Student’s Project Focuses on Ecological Design at Center

Good stewardship is central to the goals of the Taft-Nicholson Center. Beyond improving our own environmental performance, we work to provide students with meaningful opportunities to conduct research and coordinate projects focused on the environment and sustainability. Environmental Humanities graduate student Shaun Daniel is undertaking one such effort this year. His capstone master’s project is focused on solving a real-world issue at the Center concerning water use and habitat.

Investigating Permaculture Design for the Center

Shaun Daniel in Centennial Valley

The streams of the Centennial Valley are vital habitat for the last endemic population of Arctic Grayling in the contiguous United States, as well as home to threatened native Westslope Cutthroat Trout. Daniel is seeking to answer a question with his project: What solutions are offered by a permaculture or ecological design approach for the Taft-Nicholson Center to leave more water in Shambow Creek for aquatic life, while still maintaining the Center’s water rights and the beneficial qualities of the landscaping?

Daniel, who received a Permaculture Design Certificate from Occidental Arts and Ecology Center in 2014, has long held an interest in permaculture and in ecological design more broadly. “I see these design processes as positive approaches to creating a just, sustainable, and regenerative world,” he says. “This project is a way to apply design principles at a small-scale to an important conservation issue.”

In their book Ecological Design, Sim Van der Ryn and Stuart Cowan write, “Design is a hinge that inevitably connects culture and nature through exchanges of materials, flows of energy, and choices of land use.” Bill Mollison, one of the founders of permaculture, describes this approach to design as “a system of assembling conceptual, material, and strategic components in a pattern which functions to benefit life in all its forms.”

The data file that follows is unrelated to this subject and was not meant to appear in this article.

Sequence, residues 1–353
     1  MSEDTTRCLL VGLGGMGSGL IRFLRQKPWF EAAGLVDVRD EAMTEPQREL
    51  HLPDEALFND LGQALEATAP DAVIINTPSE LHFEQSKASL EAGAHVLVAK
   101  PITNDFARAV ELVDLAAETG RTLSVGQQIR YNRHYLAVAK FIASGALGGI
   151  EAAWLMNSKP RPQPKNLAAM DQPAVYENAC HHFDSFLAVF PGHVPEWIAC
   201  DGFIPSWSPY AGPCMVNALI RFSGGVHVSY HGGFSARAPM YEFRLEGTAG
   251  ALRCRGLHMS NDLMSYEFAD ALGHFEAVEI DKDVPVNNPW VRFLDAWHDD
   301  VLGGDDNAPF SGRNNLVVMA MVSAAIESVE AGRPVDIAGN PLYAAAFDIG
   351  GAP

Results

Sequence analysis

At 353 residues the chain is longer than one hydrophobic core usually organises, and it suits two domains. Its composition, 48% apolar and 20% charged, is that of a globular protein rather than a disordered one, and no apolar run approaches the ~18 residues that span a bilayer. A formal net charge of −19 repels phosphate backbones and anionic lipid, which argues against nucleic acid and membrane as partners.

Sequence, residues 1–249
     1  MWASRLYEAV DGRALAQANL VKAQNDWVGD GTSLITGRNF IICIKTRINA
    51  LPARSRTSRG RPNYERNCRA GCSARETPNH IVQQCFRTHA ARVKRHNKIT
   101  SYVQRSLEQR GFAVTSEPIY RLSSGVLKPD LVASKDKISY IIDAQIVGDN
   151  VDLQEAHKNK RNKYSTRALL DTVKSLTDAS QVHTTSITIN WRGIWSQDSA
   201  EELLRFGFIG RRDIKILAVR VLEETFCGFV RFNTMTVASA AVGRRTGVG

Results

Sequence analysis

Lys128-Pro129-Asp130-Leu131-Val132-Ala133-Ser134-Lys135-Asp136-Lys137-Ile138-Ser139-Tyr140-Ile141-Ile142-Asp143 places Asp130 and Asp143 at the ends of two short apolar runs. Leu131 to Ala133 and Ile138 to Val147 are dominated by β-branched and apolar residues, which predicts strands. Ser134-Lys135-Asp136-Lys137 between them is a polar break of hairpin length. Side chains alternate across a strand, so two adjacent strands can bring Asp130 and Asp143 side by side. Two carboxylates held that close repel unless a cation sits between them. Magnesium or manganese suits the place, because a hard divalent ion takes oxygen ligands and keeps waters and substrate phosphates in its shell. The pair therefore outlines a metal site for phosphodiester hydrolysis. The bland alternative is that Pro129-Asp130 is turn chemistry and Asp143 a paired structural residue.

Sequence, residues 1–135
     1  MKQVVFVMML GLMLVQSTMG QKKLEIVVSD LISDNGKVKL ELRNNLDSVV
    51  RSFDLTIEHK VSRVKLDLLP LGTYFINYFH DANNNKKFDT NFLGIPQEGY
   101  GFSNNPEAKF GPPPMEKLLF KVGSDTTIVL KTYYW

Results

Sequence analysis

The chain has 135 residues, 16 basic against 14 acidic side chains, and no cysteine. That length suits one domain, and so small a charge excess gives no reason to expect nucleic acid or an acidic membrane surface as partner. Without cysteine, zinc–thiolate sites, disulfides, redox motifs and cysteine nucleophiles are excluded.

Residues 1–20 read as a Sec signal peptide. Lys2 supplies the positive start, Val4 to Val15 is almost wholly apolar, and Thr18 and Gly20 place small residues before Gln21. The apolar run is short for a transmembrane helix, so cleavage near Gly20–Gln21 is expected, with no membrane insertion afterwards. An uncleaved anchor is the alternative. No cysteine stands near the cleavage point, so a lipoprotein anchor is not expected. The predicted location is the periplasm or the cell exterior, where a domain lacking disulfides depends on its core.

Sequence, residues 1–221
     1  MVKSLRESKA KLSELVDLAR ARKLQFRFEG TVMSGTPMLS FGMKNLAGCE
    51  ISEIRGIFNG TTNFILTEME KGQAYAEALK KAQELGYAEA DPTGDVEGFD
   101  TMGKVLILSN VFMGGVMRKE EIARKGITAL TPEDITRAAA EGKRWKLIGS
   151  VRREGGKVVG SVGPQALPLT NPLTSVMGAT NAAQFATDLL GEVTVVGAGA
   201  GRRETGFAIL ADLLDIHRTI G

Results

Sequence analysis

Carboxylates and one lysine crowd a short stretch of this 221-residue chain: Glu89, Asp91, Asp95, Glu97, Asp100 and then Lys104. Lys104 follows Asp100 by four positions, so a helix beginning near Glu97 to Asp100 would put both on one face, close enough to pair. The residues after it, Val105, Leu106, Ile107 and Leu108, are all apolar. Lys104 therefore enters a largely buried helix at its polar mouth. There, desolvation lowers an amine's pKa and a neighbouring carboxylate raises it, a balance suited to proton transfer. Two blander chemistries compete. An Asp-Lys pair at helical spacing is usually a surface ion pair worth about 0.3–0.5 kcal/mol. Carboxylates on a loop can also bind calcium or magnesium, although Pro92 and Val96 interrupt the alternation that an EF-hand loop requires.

Drawing on a permaculture principle that the solution is within the problem, Daniel is working with an advisory committee to consider options for reconfiguring the way the Center interacts with Shambow Creek, which flows down, around, and through our property. The Center’s water rights allow for diverting a portion of the creek for irrigation and flow of water to the Center’s waterfalls and pond. But this can put pressure on fish habitat, particularly in the driest part of the year. Daniel’s master’s project will propose solutions to expand the pond's functions and improve the way it relates with other elements on the property and with the Shambow Creek system itself.

In particular, Daniel is researching three components that could be implemented as part of an ecological design for the Center:

  • Rainwater catchment and channeling of rainwater into the pond to offset at least a portion of the water currently diverted from Shambow Creek;
  • Pump options for recycling water from the pond to the top of the waterfalls to maintain aesthetic function while improving aquatic habitat; and
  • Possibilities for a conservation easement or similar agreement that would consider water left instream as a “beneficial use” under water rights law, thereby helping native fish while maintaining the Center's water rights.

Next Steps

As the project comes together, Daniel will be working with the advisory committee to explore how best to implement these design ideas. In turn, the project may also spur additional research opportunities for students interested in subjects like green building, riparian ecology, hydrology, and water rights law.

Daniel says, “The environmental humanities can be described as an exploration of human culture and experience in relation to the environment, especially environmental problems with human causes. A project like this is a chance to turn that idea around, to solve an environmental problem by adapting human culture and the way that we relate to the environment through ecological design. I am excited to engage in a project that has the potential to enhance the health and resiliency of the Shambow Creek system for the Center, its Lakeview neighbors, and all the creatures that call this place home.”